Sat Jul 14 19:31:12 EDT 2007

2007/7/15, Hugh Perkins <hughperkins at gmail.com>:
> There's really a tendency in this newsgroup to point people to huge
> documents, when a small copy and paste would make the answer so much more
> accessible ;-)

I was pointing you on a document of quite honest size in my opinion,
and not really hard to read...
But well if you want a piece of code, here it is :
--

merge xs@(x:xt) ys@(y:yt) = case compare x y of
LT -> x : (merge xt ys)
EQ -> x : (merge xt yt)
GT -> y : (merge xs yt)

diff  xs@(x:xt) ys@(y:yt) = case compare x y of
LT -> x : (diff xt ys)
EQ -> diff xt yt
GT -> diff xs yt

primes, nonprimes :: [Int]
primes    = [2,3,5] ++ (diff [7,9..] nonprimes)
nonprimes = foldr1 f . map g \$ tail primes
where f (x:xt) ys = x : (merge xt ys)
g p = [ n*p | n <- [p,p+2..]]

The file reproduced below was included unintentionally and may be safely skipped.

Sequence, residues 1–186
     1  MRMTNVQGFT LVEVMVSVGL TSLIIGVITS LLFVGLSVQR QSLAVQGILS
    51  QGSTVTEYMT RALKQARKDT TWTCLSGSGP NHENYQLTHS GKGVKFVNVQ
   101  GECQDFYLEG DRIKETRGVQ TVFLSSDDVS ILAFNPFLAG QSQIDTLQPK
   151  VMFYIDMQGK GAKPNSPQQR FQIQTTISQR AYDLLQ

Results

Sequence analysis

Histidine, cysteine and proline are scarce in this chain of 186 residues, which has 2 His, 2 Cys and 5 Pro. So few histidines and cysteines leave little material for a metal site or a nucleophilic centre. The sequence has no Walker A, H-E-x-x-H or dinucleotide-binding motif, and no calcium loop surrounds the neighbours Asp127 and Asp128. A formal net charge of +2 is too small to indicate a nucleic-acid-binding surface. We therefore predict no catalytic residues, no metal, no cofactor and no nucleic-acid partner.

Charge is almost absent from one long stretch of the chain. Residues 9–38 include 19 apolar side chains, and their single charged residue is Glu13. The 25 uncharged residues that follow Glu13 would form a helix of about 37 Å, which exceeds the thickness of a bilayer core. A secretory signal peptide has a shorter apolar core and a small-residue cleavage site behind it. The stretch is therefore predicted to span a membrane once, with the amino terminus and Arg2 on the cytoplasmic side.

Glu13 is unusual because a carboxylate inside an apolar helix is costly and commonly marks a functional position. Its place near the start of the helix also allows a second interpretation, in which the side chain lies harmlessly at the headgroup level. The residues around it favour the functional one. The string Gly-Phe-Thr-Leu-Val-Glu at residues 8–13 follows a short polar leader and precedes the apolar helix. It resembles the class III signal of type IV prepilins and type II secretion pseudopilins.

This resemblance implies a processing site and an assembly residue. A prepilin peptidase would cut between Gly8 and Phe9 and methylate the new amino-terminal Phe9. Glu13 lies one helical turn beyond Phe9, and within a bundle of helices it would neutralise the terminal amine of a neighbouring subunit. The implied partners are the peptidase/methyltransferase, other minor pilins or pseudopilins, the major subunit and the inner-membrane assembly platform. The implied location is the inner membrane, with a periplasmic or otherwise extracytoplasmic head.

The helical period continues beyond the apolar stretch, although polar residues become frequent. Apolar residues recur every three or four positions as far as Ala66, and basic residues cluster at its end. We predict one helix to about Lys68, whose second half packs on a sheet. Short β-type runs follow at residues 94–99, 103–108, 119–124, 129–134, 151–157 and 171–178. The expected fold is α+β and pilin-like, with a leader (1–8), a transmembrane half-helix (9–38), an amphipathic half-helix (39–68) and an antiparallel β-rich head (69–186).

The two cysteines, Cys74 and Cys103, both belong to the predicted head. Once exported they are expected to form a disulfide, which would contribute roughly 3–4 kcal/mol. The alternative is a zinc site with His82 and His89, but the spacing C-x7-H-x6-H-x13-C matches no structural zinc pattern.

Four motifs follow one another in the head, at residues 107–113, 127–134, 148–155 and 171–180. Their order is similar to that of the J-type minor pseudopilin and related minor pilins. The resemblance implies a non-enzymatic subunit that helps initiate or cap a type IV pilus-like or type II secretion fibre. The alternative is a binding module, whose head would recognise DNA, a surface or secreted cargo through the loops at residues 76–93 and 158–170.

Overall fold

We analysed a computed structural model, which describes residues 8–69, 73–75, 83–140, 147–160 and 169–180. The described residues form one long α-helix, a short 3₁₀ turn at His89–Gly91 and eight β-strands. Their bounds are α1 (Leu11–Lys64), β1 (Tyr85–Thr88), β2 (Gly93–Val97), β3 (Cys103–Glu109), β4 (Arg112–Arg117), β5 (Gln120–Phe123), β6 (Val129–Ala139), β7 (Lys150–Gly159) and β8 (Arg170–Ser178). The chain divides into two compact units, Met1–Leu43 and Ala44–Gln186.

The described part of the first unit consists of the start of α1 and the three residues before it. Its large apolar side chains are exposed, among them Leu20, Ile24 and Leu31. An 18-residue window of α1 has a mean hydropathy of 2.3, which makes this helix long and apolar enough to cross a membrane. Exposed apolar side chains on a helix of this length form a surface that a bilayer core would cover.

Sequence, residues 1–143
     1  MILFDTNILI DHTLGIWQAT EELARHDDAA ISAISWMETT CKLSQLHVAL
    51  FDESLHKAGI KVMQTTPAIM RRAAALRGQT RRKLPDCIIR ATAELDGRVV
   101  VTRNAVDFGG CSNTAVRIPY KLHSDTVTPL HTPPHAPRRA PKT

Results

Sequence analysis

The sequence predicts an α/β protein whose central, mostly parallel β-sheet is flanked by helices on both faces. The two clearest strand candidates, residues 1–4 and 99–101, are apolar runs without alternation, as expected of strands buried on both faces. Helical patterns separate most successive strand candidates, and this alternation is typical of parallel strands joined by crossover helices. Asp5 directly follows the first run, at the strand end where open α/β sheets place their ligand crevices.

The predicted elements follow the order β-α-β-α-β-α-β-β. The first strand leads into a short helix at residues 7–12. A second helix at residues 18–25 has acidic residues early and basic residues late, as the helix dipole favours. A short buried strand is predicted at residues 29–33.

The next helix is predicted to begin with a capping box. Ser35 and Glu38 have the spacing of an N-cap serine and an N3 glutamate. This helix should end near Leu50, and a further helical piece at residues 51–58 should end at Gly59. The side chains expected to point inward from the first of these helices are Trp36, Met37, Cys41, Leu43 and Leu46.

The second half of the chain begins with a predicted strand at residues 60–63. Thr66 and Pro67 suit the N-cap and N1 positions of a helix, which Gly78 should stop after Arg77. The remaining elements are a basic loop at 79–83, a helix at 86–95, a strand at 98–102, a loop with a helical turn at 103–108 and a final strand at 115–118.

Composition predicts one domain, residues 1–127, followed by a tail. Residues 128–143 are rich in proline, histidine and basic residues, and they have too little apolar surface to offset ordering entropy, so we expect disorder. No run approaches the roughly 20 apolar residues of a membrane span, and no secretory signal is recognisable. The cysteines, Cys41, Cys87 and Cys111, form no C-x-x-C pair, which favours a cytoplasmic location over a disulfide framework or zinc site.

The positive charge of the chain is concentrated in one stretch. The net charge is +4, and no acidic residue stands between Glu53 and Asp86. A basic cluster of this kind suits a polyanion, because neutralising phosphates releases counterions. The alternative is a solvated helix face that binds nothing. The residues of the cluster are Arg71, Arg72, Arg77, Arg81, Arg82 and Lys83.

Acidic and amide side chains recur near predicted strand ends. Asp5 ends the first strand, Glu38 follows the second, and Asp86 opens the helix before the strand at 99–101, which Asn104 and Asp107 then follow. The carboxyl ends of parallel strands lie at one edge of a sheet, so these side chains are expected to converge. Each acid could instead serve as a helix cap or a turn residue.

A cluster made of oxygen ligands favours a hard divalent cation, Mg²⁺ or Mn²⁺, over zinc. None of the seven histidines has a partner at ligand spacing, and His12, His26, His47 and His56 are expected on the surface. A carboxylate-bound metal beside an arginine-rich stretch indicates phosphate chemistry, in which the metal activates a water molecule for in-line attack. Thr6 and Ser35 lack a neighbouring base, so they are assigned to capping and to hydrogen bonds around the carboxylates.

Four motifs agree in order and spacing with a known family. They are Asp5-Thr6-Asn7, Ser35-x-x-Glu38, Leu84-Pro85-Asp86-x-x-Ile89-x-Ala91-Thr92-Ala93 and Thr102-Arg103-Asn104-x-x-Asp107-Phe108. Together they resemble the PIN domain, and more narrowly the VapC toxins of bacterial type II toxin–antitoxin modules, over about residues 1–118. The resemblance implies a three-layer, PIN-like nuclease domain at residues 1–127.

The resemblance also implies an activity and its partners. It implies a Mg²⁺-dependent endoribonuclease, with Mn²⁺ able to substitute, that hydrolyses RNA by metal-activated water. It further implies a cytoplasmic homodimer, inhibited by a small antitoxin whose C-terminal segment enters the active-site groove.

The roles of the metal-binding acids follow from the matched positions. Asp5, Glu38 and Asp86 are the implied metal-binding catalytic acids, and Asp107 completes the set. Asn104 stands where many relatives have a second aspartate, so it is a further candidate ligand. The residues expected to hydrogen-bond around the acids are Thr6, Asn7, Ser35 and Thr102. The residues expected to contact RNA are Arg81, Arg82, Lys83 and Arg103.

--
The HaskellWiki repertory it under "primes" and it's at least 170
times faster than the extra-naive sieve you used in your comparison on
my computer... (I have some doubts on the accuracy of the benchmark
and System.Time at this level of precision, especially on Windows)

An implementation with DiffArray (not even DiffUArray since there's no
instance for Bool ? Is there a bitvector implementation somewhere to
make up for this ?) and exactly your algorithm is already more than 20
times faster than the naive sieve.

Note that this kind of benchmark is pretty pointless anyway since
you're not really using C# in your program : you're using a subset of
C# that's almost immediately translatable in the corresponding C code,
and indeed the JIT compiler must compile to the same code as the
equivalent C code, so it's no surprise at all that the performances
are similar !
Due to the nature of Haskell, it's not so easy to do the same thing
(write a C program in Haskell as you wrote a C program in C#), so the